• Jan 15, 2013
    International mining firms rushing to invest in Eritrea’s burgeoning minerals sector risk involvement in serious abuses unless they take strong preventive measures. The failure of the Vancouver-based company Nevsun Resources to ensure that forced labor would not be used during construction of its Eritrea mine, and its limited ability to deal with forced labor allegations when they arose, highlight the risk.
  • Jan 2, 2013
    For many years, Human Rights Watch has investigated situations where companies have had serious human rights problems. Whether it is an oil company that relies on abusive state forces or have abusive private security forces, a construction company that mistreats its workers or a technology company that censors or spies on users at the behest of an abusive government, there are many situations where companies can directly impact human rights.

Reports

Trade

  • Jan 15, 2013
    International mining firms rushing to invest in Eritrea’s burgeoning minerals sector risk involvement in serious abuses unless they take strong preventive measures. The failure of the Vancouver-based company Nevsun Resources to ensure that forced labor would not be used during construction of its Eritrea mine, and its limited ability to deal with forced labor allegations when they arose, highlight the risk.
  • Jan 2, 2013
    For many years, Human Rights Watch has investigated situations where companies have had serious human rights problems. Whether it is an oil company that relies on abusive state forces or have abusive private security forces, a construction company that mistreats its workers or a technology company that censors or spies on users at the behest of an abusive government, there are many situations where companies can directly impact human rights.
  • Jul 11, 2012

    The new United States government policy allowing business activity in Burma’s controversial oil sector with reporting requirements will not adequately prevent new investments from fueling abuses and undermining reform.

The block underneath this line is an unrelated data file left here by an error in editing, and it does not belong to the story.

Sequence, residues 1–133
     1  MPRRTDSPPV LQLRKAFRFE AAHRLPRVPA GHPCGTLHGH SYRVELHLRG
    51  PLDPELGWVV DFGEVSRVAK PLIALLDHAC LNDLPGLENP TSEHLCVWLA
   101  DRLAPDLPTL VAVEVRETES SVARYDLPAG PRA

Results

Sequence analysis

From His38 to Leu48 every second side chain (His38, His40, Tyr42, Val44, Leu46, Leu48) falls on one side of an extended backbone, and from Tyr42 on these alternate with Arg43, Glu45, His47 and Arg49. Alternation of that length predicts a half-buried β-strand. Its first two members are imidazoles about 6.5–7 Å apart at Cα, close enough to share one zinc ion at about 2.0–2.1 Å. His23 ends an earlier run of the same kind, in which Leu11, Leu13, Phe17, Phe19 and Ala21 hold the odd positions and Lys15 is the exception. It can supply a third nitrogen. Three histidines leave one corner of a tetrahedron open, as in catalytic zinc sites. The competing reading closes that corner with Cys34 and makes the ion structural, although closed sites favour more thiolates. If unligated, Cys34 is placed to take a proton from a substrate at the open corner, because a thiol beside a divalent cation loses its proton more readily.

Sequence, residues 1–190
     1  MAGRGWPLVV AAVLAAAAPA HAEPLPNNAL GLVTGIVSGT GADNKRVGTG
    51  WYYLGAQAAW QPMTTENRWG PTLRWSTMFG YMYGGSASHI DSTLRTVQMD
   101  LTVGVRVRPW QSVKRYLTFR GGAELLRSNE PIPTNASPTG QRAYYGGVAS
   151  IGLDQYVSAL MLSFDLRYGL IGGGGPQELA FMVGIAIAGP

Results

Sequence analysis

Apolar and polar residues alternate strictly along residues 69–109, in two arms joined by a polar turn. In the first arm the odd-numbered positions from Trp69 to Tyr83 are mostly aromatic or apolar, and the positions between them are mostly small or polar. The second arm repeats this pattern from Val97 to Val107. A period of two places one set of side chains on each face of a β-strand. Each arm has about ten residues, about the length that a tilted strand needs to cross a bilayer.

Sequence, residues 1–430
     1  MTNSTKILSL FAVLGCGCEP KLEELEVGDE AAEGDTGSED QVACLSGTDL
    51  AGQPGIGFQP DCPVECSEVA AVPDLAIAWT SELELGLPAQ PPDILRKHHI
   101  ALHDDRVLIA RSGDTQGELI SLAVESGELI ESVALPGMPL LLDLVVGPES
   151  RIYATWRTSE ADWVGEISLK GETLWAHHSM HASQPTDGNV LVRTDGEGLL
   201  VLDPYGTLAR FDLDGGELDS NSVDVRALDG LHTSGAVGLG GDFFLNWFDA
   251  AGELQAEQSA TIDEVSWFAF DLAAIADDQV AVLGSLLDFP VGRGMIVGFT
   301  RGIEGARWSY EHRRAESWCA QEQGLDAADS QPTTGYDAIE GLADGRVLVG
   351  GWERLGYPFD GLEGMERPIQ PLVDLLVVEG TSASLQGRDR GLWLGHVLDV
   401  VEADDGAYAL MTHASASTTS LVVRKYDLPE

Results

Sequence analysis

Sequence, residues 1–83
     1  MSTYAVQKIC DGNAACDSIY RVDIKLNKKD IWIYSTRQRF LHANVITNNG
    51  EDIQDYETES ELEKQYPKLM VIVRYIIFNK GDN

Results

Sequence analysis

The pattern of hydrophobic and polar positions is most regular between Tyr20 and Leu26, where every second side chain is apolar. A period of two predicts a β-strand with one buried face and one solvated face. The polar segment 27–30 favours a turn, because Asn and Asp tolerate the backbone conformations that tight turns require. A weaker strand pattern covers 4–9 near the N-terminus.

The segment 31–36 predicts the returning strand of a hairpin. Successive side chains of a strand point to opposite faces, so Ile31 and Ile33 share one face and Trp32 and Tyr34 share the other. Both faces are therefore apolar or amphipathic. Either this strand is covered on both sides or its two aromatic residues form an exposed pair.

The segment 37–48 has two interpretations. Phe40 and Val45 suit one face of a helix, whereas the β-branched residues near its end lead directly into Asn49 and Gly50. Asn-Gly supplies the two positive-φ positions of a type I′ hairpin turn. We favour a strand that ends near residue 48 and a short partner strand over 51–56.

• Jun 22, 2012

    Global economic troubles are being matched by a recession in human rights with worryingly minimal commitments coming out of the United Nations Rio+20 conference on Sustainable Development, Amnesty International, Human Rights Watch, and the Center for International Environment Law (CIEL) said at the close of the conference.

  • Jun 12, 2012
    World leaders have a once in a generation chance to create a meaningful link between sustainable development and human rights, Amnesty International and Human Rights Watch said in a joint statement targeting Environment and Foreign Affairs ministers gathering in Rio.
  • Jun 4, 2012

    Members of the international diamond monitoring body known as the Kimberley Process (KP) should press Zimbabwe to address human rights abuses in its diamond fields. They should also reform the KP certification scheme to address human rights violations. The Kimberley Process, which is currently chaired by the United States, will meet in Washington, DC from June 4 to 7, 2012 for its annual meeting to discuss the mining and trading of conflict diamonds.

  • Apr 22, 2012
    Prospective investors in China Non-Ferrous Metals Mining Corporation’s (CNMC) upcoming initial public offering (IPO) in Hong Kong should be aware of the company’s disturbing labor rights practices in Zambia. CNMC’s inability or unwillingness to respect worker’s rights in their Zambia operations raises critical questions about corporate behavior that potential investors should direct to the company.
  • Dec 22, 2011
    There has been a lot of debate about corporate social responsibility. But most gold traders I interviewed showed no concern about the use of child labour.
  • Nov 28, 2011

    The Cambodian government should urge the Senate to strike a provision of the draft Law on Prisons that would permit prison labor to be used for producing goods for private firms.

  • Aug 30, 2011

    (Johannesburg) – Zimbabwe police and private security guards employed by mining companies in the Marange diamond fields are shooting, beating and unleashing attack dogs on poor, local unlicensed miners.